Have questions? We’ll try to help give you answers. Below, you’ll find answers to common questions about Medtronic spinal cord stimulation (also known as neurostimulation therapy). Don’t see your question here? Ask your doctor, or find a specialist near you who can answer your questions.

General Questions About Spinal Cord Stimulation

Talk to your doctor to determine the kinds of pain treatments that may work for you. The choice of treatment depends on the type of pain, its severity, and your response to your pain treatment. If your doctor thinks you are a good candidate for spinal cord stimulation, you can complete a screening test to see if it will provide adequate pain relief.

You may feel a sensation from spinal cord stimulation, depending on your stimulation level. Your stimulation level can be adjusted to deliver your preferred sensation and pain relief.

Typically, people who find the treatment helpful experience significant and sustained reduction in chronic pain.1 However, spinal cord stimulation does not eliminate the source of pain, so the amount of pain reduction varies from person to person. Neurostimulation therapy is not a cure for chronic pain, but rather a therapy to help you manage your pain.

As you change positions, your spinal cord may move closer to or farther from the electrodes that send out the mild electrical pulses. A stimulation level that manages your pain well when you're standing may cause discomfort when you're lying down. Depending on the neurostimulator you and your doctor choose, you can either adjust the stimulation manually by using your programmer, or your neurostimulator will automatically adjust it for you, using AdaptiveStim® Technology. Adaptive stimulation is available only from Medtronic with the RestoreSensor® implantable neurostimulator. Adaptive stimulation reduces the need to manually adjust your stimulation level when you change positions.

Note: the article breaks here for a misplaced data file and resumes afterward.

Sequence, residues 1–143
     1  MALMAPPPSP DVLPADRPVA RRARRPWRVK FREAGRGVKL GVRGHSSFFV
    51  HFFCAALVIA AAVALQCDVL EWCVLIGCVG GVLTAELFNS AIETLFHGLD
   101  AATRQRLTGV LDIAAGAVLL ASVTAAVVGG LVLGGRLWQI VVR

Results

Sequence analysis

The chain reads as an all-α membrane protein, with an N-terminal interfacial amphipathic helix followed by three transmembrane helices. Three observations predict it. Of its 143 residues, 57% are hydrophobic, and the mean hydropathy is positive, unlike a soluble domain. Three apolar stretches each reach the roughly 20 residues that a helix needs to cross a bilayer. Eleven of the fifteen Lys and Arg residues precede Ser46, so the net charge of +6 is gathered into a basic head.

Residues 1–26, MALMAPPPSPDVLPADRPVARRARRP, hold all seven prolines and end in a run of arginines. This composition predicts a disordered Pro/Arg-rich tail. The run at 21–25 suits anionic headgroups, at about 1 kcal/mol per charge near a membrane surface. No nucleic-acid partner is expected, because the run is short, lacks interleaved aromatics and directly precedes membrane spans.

Your spinal cord stimulation system will not provide relief from other types of pain such as headaches, stomachaches, fractures, etc.

No. Spinal cord stimulation was approved by the U.S. Food and Drug Administration in 1984.

Many insurance companies will pay for spinal cord stimulation. However, as with many pain treatments, your doctor will have to get approval from your insurance company before you can receive treatment. Your out-of-pocket costs will vary according to your insurance plan. Consult your doctor or insurance carrier for more specific information.

Medicare will pay 80% of the cost as long as the procedure is determined to be medically necessary. Talk to your doctor about the Medicare Conditions of Coverage.

Questions About the Screening Test for Spinal Cord Stimulation

The procedure to get the screening test takes approximately 30 to 90 minutes. The screening test period lasts approximately 3 to 7 days.

You will have local anesthesia when the leads (thin, insulated medical wires) are placed. There may be some occasional discomfort during the procedure, and you may have pain at the incision site once the anesthesia wears off. This should resolve after a day or so.

Complications can occur with the screening test and may include infection and movement of the lead within the epidural space. Please discuss the benefits and risks with your doctor.

Your doctor may reduce your dose or have you stop taking oral medication 1 to 2 weeks prior to the test. During the neurostimulation screening test, oral medication may be given for breakthrough pain. Never stop taking your prescribed pain medication without first consulting your doctor.

Your pain relief may differ slightly. For most people, the stimulation they feel after implant is similar to that at the screening test. Your doctor can adjust your neurostimulator so it delivers the best pain relief possible. Be sure to tell your doctor about the way you feel, so changes can be made to optimize your therapy.